Third chick-lit exercise maintains the standard

THE MISPLACED AFFECTIONS OF CHARLOTTE FFORBES<br><b>Catherine Robertson</b><br><i>Black Swan
THE MISPLACED AFFECTIONS OF CHARLOTTE FFORBES<br><b>Catherine Robertson</b><br><i>Black Swan
The Misplaced Affections of Charlotte Fforbes, by Catherine Robertson, is as wry and endearing as her two previous novels and continues to explore the lives of their characters from the perspective of new, and just as idiosyncratic, narrators.

When Charlotte, who prides herself on her emotional detachment and ability to control all aspects of her life, falls in love with her boss, Patrick King, she decides the only thing to do is to win his heart, even if it means breaking up his marriage.

She transforms herself from dedicated PA to live-in nanny for three families on an Italian holiday (Patrick and his wife are joined by Darrell Kincaid, Mo Lawrence and their respective households, whom readers will remember from the earlier books), a task she tackles with her usual self-confidence, despite her complete lack of experience.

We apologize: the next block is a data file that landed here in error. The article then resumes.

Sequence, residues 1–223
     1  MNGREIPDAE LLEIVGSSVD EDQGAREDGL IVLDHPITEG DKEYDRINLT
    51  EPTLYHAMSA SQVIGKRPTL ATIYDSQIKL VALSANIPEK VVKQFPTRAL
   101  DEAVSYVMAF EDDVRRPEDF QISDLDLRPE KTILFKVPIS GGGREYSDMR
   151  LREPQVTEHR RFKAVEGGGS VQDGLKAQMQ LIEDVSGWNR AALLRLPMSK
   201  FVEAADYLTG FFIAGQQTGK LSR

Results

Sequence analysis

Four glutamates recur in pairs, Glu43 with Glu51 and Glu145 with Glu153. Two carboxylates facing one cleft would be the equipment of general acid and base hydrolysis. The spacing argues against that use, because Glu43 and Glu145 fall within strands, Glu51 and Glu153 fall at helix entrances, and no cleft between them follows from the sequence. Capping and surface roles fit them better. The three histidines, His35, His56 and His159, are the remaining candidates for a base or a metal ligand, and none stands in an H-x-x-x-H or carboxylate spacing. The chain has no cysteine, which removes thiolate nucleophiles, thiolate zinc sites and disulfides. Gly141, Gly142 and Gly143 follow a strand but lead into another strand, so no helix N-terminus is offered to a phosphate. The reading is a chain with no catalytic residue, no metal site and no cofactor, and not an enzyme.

As it turns out, the children are the least of her worries. The Kings' is not the only marriage in trouble, his family intervene at the most inconvenient times, and the ensuing challenges test her resolve and inventiveness to the limit. And maybe Patrick isn't the right man after all.

Although I am not, in general, a fan of chick lit, Robertson avoids the pathos and self-improving moralising that mark the two extremes of the genre, and I get the sense she is both unapologetic about writing popular fiction and determined to enjoy it.

The character types and themes conform to expectations but are presented with an ironic twist and humour that feels uniquely New Zealand, despite the overseas setting. She has a knack for odd imagery that is humorous and evocative and I found this novel as much fun as its predecessors.

Cushla McKinney is a Dunedin scientist.

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